Two Versions of One of the Great Movies of All Time
Beginning with winning the Palme d'Or at Cannes, Francis Ford Coppola stunned the film world in 1979 with his brilliant Apocalypse Now. Years later, the footage shot in the 1970s was reedited and released in 2001 under the title Apocalypse Now Redux. The main difference between the versions is that Redux contains 49 minutes of footage not included in the earlier release. Both versions are available on the two-disc DVD set Apocalypse Now—The Complete Dossier, and I particularly enjoyed watching the extended version with the option turned on where "Redux Marker" is displayed when footage unique to the 2001 version is shown.
Story of Assassination Set Against Backdrop of Vietnam War
The principal characters in Apocalypse Now are American military personnel in Southeast Asia during the Vietnam War. The protagonist is Captain Willard (Martin Sheen), who is given a bizarre mission: he is to travel up the (fictional) Nung River and assassinate Colonel Kurtz (Marlon Brando), a renegade holed up in Cambodia with his own private army of mountain tribal people who worship him like a god.
My reading of Apocalypse Now is that Coppola was trying to get us to come to grips with the irrational, primitive underpinnings of human nature. Beneath our civilized veneer, we are driven by subconscious yearnings. In particular, I think he wanted us to contemplate the issue of the ritual slaying.
One of the Most Memorable Sequences in Cinema History
I can never forget the spectacular sequence where an air cavalry unit, commanded by Lieutenant Colonel Kilgore (Robert Duvall), transports Willard, a patrol boat and its Navy crew to the river. Kilgore takes on this job just so he can surf in the South China Sea with a world-class surfer who is a member of the boat's crew. But delivery of the boat involves attacking an enemy-held village, and the helicopters swoop in with loudspeakers blaring Wagner's "The Ride of the Valkyries." Soon fighter jets drop bombs, and Kilgore rhapsodizes, "I love the smell of napalm in the morning."
The French Plantation Segment
The most important segment in Redux that is absent from the 1979 version of the film is the 25-minute sequence where Willard visits a rubber plantation run by a French family for 70 years. At dinner, there's some expository dialogue that helps put the Vietnam War in historical context. Then Willard retires to the bedroom of a beautiful French widow (Aurore Clément), and they smoke opium together. The segment ends lyrically with the widow slipping out of her clothing and slowly pulling the mosquito netting around the bed she will share with Willard. I believe we get insight into Coppola's intentions for his movie when the widow tells Willard, "There are two of you, don't you see? One that kills and one that loves."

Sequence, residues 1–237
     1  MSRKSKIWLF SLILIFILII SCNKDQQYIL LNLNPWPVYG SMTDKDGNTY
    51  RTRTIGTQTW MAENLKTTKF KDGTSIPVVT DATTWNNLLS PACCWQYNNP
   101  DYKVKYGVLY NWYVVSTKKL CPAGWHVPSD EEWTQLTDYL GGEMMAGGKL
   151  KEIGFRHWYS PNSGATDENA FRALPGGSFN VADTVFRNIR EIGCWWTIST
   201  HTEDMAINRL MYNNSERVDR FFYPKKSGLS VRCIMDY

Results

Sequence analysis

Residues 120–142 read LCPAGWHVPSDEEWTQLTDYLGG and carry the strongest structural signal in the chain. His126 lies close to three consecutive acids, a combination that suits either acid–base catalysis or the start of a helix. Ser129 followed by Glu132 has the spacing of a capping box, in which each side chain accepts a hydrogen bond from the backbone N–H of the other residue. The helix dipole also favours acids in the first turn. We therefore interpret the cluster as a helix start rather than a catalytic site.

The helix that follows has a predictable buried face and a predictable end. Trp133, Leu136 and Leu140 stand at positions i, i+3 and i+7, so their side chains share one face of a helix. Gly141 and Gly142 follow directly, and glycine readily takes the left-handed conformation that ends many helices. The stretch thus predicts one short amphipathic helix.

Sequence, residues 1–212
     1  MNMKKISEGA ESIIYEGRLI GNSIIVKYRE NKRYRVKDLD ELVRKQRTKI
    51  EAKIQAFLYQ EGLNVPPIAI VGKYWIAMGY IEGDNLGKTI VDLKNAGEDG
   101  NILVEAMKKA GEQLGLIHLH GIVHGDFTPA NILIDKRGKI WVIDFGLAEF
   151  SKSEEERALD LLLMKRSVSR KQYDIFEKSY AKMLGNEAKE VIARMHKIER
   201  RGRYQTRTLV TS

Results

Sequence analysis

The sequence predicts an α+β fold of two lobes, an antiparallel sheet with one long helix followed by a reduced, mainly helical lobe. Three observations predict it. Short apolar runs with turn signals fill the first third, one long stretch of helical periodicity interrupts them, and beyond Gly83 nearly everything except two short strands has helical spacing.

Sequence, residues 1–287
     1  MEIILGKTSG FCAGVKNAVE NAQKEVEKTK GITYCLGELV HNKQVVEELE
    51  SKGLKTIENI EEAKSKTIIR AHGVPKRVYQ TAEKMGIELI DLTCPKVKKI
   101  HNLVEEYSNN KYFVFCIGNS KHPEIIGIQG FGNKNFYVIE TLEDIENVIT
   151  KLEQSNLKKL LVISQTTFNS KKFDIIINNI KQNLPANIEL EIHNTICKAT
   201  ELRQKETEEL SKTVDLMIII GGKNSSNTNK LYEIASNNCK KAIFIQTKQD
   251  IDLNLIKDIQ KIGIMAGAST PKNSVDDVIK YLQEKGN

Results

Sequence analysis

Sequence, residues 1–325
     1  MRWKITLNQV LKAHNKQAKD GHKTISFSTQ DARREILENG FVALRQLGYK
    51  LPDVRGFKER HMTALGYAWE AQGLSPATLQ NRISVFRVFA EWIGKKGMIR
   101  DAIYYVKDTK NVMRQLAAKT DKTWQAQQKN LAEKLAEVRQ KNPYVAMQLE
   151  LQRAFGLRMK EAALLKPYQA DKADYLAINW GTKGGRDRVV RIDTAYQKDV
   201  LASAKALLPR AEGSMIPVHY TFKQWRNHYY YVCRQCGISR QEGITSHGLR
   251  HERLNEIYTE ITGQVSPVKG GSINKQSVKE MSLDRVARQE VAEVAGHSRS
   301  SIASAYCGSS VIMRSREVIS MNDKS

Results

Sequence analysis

Was There an Ending With an Air Strike on Kurtz' Compound?
When I saw Apocalypse Now in a theater years ago, the end credits were shown over footage of massive explosions in Kurtz' compound. But on the DVD, the end credits are simply white letters over a black background. So, were there multiple endings or what?
Material on the DVD covers this issue. At one time the filmmakers released a theatrical version of Apocalypse Now that had end credits shown over behind-the-scenes footage of sets being blown up. The problem was that to many viewers, including me, this footage looked like a continuation of the movie's narrative in which an air strike was in progress on Kurtz' compound.
When it was realized that Coppola's intended ending was being muddled by this version of the end credits, the sequence now on the DVD was substituted. With this change, the film's ending is unambiguous: Willard switches off the radio without ever calling for an air strike, and therefore we can assume there won't be one.
Excellent Audio Commentary by Francis Ford Coppola
The DVDs provide feature-length audio commentary by Coppola on both the 1979 and 2001 versions of the film. However, his remarks are the same where the footage is identical. My recommendation is to listen to the track for the Redux version since that gives you his complete commentary in one pass.
I found Coppola's commentary informative and fascinating. He mentions that an early draft of the script was titled The Psychedelic Soldier. He states he originally cast Harvey Keitel as Willard, but replaced him with Sheen because he wanted an actor who came across as more passive. Coppola says they got their helicopters from the Philippine government, which would sometimes take them away without warning because of insurgents' threats. He talks about costuming Brando in black pajamas and shooting him very carefully to hide his obesity. And Coppola discusses filming the ritual sacrifice of the water buffalo by the Ifugao tribesmen.
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